July 27, 2017
Cash flow, credit and creativity—those are three driving forces behind every successful business, but they take on even more importance when it comes to seasonal businesses. Here are some tips to help you use them to your advantage.
Know the numbers.
Seasonal businesses are tough, and their owners must be tougher—with a thorough knowledge of their business financials. Being able to manage finances accurately and effectively is crucial. Considering the inherent income fluctuations of a seasonal business, it’s imperative to have a firm handle on costs, as well as knowing when to tap into credit and when it makes sense to ramp up or reduce activity based on objective numbers. A CPA or other financial professional can help you understand the numbers part of your business so that you can plan accordingly.
Keep cash flow current.
Together with knowing the key financials of your business is knowing how to keep your cash flowing. Of course, if you don’t know what’s coming in and going out down to the penny, you need to act to remedy the situation with a good accounting system (or an accounting firm that can do it for you). In addition, you’ll need an invoicing system that is quick and efficient, so you can easily keep track of which clients are current on payments and which ones are falling behind. This information can help you to quickly identify and rectify situations that may put a squeeze on your future cash flow.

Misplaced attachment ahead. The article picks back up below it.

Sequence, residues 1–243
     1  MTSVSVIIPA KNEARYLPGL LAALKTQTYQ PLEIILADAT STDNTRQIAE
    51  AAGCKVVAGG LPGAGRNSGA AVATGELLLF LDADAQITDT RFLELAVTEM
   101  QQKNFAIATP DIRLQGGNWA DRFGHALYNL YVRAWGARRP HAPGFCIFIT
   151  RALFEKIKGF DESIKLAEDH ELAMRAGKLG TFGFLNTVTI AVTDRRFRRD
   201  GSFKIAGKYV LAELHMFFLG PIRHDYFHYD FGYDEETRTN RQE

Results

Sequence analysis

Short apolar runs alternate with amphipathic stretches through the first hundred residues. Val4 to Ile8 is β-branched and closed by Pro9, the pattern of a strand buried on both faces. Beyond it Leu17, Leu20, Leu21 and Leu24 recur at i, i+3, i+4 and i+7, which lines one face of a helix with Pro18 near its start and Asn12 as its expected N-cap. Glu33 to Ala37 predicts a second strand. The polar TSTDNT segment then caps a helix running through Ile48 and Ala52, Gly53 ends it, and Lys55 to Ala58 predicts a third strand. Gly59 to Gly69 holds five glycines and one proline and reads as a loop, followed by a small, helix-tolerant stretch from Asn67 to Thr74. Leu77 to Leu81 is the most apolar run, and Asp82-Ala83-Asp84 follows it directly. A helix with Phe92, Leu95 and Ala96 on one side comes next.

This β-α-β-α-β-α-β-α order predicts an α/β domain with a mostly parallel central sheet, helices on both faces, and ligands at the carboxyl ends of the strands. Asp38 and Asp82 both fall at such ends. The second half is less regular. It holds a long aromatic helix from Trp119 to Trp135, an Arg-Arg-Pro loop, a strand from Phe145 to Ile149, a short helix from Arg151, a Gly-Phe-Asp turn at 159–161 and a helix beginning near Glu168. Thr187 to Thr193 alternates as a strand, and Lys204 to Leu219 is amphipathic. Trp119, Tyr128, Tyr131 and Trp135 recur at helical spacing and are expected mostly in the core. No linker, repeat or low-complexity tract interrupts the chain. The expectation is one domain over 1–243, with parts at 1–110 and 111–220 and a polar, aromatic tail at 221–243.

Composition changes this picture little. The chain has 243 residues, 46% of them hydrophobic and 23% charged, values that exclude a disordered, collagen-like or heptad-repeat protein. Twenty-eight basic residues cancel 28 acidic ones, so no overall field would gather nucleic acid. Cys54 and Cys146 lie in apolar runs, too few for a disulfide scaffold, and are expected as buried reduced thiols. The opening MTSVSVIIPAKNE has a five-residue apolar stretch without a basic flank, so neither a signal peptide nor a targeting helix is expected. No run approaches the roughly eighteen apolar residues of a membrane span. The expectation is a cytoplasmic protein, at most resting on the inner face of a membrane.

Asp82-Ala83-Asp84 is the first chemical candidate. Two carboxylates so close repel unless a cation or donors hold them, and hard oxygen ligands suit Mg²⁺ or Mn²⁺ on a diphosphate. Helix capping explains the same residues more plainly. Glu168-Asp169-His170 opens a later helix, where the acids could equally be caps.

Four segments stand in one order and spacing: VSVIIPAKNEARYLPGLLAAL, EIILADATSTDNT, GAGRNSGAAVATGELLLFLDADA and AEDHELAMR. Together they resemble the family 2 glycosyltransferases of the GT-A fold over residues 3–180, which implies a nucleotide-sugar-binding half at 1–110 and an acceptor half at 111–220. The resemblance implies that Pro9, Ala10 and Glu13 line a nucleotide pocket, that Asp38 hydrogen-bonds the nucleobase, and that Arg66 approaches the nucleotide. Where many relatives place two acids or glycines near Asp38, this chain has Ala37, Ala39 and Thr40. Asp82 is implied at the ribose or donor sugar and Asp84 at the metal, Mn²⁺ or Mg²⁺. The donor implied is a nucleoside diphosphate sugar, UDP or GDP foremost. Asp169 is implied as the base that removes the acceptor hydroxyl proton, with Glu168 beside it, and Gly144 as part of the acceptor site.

Expand your demand.
Another strategy to shore up your business during slow periods is to use a creative approach to reduce the impact of seasonality. Look at your current products and/ or services and consider ways to grow interest in them; or consider what complementary items or services you could introduce to augment your sales during non-peak periods. You can also use slower times to market to existing and prospective customers to increase interest and demand.
Control your use of credit.
Not all cash flow and seasonality influences can be controlled, and that’s why it’s essential to keep extra cash on hand to cushion any unexpected blows to your business. A credit card or line of credit is one way to bridge a cash flow gap, especially if you are just starting out and not eligible for larger bank loans. However, it’s important not to get in over your head, which is something a solid financial plan will help you avoid.
Take the long view of your seasonal business.
Although your business may operate only part of the year, it’s important to think about it as a 12-month operation. This will ensure that you not only plan for new opportunities and maximize existing ones, but that you also set aside enough cash to pay any overhead costs that exist even when your business is closed. Carefully managing your cash flow and credit, along with implementing a little cash-infusing creativity can help you beat the seasonal business blues.
Sources: Inc.com and Entrepreneur.com via Advantage Magazine July-August 2016 issue. Edited.
Is your family’s money mantra, “Easy come, easy go?” Does your family ever talk about saving money or setting financial goals? No matter where your family is on the financial literacy spectrum, it’s important to help your kids learn the value and wise management of money so they grow up to be financially responsible.
There are many details that go into your return, so it is not uncommon to overlook an item in the process of filing a return. It is also possible that after you have filed your return, your employer, contractor, or investment manager will send you a correction on the total income you earned throughout the year.
If you’re like many self-employed business owners, you may be tempted to stick to the tried-and-true tax deductions (your home office, if you have one, office supplies, mileage, meals, etc.) when doing your taxes. However, one important money-saving advantage of working with a tax professional is they can identify lesser known deductions that you may be entitled to, but are unaware of.